The President and the Power of the Purchaser: Consumer Protection and Managed Care in the United States

by Daniel Gitterman

Fall 2000

Volume 43
Issue 1

Full Article Browse Issue



This article highlights the President’s formal and informal capacity to act unilaterally, and thus potentially to regulate managed care on his own, through the government’s role as a buyer—what is referred to here as the "power of the purchaser." Presidents can act independently to shift policy in any way they wish, and there it will stay until and unless either Congress, the courts, or the market effectively responds. By the strategic use of executive orders and directives to the federal bureaucracy, President Clinton has used the "power of the purchaser" to implement a range of consumer protections as a condition in any contract between federal "public" purchasers and health plans. In practice, those health plans and insurers wishing to do business with the federal government must meet the President’s terms; others either need not enter into a contract or exit ex-post when they oppose the nature of the new provisions.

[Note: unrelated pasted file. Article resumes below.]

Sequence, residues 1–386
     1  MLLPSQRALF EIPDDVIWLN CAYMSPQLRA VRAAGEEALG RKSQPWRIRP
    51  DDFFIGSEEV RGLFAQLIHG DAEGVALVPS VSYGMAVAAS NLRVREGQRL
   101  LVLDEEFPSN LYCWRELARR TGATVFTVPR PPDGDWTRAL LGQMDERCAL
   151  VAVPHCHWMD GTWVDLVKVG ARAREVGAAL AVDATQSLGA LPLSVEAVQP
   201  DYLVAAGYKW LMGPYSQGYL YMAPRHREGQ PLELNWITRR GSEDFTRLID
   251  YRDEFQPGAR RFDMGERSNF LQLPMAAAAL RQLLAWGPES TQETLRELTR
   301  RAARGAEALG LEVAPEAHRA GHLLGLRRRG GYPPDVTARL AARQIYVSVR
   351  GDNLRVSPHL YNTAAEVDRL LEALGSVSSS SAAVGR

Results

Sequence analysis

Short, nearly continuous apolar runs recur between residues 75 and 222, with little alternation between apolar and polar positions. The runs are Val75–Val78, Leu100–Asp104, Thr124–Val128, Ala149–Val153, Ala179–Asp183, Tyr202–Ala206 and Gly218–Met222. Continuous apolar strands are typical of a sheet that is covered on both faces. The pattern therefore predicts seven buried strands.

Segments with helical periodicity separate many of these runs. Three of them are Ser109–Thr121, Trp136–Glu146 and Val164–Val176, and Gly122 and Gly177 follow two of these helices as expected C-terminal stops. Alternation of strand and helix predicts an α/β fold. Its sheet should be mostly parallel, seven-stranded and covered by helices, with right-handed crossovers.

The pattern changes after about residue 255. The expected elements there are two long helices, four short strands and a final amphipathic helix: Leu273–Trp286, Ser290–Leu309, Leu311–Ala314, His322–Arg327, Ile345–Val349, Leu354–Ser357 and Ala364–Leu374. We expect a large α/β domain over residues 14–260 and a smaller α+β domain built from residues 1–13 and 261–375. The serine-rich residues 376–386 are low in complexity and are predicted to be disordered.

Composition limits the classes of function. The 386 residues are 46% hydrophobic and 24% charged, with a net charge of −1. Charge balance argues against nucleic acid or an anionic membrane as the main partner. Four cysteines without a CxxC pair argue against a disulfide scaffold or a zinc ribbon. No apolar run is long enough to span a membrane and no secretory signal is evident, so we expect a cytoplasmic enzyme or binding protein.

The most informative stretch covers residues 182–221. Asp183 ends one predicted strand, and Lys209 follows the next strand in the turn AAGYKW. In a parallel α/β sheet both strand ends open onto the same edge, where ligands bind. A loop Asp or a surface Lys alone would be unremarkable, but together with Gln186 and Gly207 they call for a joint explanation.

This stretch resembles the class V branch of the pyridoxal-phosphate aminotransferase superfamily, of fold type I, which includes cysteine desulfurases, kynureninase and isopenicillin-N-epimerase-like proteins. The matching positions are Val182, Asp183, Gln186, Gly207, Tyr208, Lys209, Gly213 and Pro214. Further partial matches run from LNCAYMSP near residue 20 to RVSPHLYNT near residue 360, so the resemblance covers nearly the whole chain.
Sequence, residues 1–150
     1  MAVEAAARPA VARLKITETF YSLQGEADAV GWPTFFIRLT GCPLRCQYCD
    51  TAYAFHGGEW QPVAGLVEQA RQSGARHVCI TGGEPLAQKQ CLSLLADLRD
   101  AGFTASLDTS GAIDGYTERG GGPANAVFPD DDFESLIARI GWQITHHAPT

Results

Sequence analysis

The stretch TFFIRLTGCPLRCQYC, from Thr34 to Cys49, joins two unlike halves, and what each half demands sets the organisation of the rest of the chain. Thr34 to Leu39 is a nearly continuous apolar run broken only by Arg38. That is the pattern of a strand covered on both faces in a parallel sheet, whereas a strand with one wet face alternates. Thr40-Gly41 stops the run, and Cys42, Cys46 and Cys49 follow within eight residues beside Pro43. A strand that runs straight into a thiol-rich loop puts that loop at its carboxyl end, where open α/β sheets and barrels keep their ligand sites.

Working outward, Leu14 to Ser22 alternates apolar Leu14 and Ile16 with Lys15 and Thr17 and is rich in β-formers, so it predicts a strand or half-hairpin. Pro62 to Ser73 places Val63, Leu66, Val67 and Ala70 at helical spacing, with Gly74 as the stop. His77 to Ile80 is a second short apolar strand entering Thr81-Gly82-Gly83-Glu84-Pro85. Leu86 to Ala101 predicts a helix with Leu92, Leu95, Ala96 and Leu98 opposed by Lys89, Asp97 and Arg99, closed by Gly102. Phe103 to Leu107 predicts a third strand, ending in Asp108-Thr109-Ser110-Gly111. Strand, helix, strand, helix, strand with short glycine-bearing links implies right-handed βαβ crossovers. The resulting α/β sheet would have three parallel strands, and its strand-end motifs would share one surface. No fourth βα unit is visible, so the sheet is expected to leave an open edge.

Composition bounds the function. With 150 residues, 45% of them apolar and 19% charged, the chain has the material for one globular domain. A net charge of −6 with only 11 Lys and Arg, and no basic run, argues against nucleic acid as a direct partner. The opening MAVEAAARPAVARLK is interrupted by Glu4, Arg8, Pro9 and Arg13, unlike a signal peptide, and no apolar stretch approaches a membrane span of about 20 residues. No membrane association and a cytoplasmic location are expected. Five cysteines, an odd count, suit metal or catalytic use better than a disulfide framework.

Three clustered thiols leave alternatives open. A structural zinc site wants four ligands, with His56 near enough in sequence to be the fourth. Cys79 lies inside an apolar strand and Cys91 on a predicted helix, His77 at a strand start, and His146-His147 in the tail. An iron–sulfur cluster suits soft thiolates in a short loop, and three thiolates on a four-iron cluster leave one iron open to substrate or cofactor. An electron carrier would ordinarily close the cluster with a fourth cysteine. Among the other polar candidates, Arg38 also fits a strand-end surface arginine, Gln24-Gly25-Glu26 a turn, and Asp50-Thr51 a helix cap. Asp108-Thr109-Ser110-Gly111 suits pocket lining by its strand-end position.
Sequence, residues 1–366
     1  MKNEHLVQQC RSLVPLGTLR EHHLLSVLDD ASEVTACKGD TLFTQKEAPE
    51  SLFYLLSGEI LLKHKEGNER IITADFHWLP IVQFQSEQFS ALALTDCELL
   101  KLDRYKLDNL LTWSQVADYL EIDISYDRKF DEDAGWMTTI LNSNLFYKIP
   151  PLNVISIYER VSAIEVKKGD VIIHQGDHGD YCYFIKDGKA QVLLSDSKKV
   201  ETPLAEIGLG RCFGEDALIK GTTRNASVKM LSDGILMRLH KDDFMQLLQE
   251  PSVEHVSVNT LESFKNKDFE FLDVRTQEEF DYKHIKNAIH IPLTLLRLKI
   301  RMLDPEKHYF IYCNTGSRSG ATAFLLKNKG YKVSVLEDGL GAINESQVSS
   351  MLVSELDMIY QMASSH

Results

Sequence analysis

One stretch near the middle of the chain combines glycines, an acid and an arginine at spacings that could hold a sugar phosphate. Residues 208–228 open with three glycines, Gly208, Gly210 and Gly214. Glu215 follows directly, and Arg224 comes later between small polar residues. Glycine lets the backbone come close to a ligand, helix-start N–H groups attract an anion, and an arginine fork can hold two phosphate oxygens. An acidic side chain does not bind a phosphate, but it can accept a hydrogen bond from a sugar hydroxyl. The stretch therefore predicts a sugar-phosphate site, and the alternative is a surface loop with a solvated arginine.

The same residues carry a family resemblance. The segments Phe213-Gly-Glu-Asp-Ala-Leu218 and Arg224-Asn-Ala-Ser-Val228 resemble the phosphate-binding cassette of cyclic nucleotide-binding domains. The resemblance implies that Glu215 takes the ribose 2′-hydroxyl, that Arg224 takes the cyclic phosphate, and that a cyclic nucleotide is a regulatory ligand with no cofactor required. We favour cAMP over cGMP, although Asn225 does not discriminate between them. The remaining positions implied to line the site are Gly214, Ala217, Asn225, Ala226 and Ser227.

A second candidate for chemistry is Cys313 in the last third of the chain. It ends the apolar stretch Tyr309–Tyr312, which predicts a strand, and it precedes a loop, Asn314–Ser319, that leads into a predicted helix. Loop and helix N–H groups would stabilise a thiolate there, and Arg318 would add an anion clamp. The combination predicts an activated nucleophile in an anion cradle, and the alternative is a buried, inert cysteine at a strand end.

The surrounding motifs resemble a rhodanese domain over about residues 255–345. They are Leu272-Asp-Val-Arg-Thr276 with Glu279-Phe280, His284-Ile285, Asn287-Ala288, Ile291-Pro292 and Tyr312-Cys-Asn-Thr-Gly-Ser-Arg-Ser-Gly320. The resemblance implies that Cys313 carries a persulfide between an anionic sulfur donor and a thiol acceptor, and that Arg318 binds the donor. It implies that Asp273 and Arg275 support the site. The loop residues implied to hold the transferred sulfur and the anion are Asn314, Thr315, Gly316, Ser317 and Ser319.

California Management Review

Berkeley-Haas's Premier Management Journal

Published at Berkeley Haas for more than sixty years, California Management Review seeks to share knowledge that challenges convention and shows a better way of doing business.

Learn more
Follow Us